0
votes
1answer
106 views

Storing kinetic energy in bonds

Let's assume a setup with a static linear molecule with three identical atoms connected by bonds and a single atom, identical to the other three, being shot at the molecule. Let's also assume that ...
12
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1answer
4k views

Phase shifts in scattering theory

I have been studying scattering theory in Sakurai's quantum mechanics. The phase shift in scattering theory has been a major conceptual and computational stumbling block for me. How (if at all) does ...
-2
votes
1answer
233 views

Does the particle vibrate in 3D space? [closed]

As far as I know, particles vibrate with a frequency and wavelength determined by their energy level. Is this vibration in 3D space?
5
votes
6answers
598 views

What needs to happen for one to ingest radioactive particles and how likely is this?

There are many stories about radioactivity and the relative danger of it in the news lately, but very little actual information. The radioactivity levels around Fukushima Daiichi are high, but seem ...
0
votes
0answers
65 views

Preons and 't Hooft condition

If some fundamental particles, like leptons or quarks are composite (e.g.in preonic models), or the same with gauge bosons or the higgs particles. How could it be possible that preons were more ...
2
votes
3answers
2k views

Writing wave functions with spin of a system of particles

Suppose I have 2 fermions in a potential $V(x)$. Both particles are moving in one dimension: the $x$ axis. Then, neglecting the interaction between the particles, the spatial wave function of the ...
0
votes
1answer
168 views

Can we see light as it 'interferes' with itself and produces the characteristic double-slit pattern?

This TED talk suggests that we can now watch as a beam of light propagates through a bottle filled with water. My question is: can we use this new technology to perhaps 'see' the photon as it makes ...
3
votes
1answer
108 views

What is the $t\bar{t}$ production supposed to bring up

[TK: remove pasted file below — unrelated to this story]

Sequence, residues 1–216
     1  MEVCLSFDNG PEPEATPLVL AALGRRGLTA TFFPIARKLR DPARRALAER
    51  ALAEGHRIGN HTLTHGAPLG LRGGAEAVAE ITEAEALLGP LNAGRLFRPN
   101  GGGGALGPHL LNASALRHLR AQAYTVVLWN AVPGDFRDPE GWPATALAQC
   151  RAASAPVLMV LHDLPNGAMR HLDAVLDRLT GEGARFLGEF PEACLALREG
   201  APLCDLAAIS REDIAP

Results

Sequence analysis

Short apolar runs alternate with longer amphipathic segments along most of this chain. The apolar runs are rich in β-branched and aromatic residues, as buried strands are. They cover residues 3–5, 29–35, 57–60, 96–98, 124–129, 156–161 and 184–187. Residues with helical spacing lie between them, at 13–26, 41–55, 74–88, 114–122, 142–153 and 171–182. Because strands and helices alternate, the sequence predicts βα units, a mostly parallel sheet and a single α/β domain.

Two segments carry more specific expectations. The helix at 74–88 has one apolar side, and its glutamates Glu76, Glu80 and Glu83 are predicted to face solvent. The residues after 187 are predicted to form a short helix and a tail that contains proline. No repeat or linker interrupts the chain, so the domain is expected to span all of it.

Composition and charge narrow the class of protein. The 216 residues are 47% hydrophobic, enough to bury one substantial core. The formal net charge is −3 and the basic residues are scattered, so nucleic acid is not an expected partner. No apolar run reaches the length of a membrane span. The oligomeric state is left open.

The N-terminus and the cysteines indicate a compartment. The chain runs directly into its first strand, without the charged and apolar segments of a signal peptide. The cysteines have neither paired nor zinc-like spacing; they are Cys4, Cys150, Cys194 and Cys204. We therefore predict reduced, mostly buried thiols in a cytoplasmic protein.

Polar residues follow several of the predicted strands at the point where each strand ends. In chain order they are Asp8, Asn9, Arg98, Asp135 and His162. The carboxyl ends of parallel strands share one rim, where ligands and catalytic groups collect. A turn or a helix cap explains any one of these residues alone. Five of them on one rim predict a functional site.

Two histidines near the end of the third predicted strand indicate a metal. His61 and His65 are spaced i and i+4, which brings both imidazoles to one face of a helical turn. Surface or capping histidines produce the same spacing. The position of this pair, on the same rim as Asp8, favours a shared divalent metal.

The $t\bar{t}$ production, I've read, that will somehow confirm the QCD and might bring up new physics. Why are we studying $t\bar{t}$ production from $p-p$ collisions at the LHC? What are we trying ...
5
votes
1answer
1k views

Confusion between the de Broglie wavelength of a particle and wave packets

So I learned that the de Broglie wavelength of a particle, $\lambda = \frac{h}{p}$, where h is Planck's constant and p is the momentum of the particle. I also learned that a quantum mechanics ...
2
votes
1answer
114 views

Uncertainty Principle on System of particles

I am new to Quantum Mechanics. I read the uncertainty principle - it says there are pairs of physical quantities which can't both be determined with certainty for a particle. My question is does the ...
1
vote
0answers
42 views

Acceleration by spherical particles (micron-scale) by an external force

I am looking for an expression for the velocity of a micron sized (1 - 10 micron diameter) sized particles under accelerating forces. I have aerosols in mind. This is what I have in mind The ...
7
votes
2answers
1k views

Do particles and anti-particles attract each other?

Do particles and anti-particles attract each other? From the very basic understanding that they are created out of nothing mutually and collide to annihilate each other seems to indicate this happens ...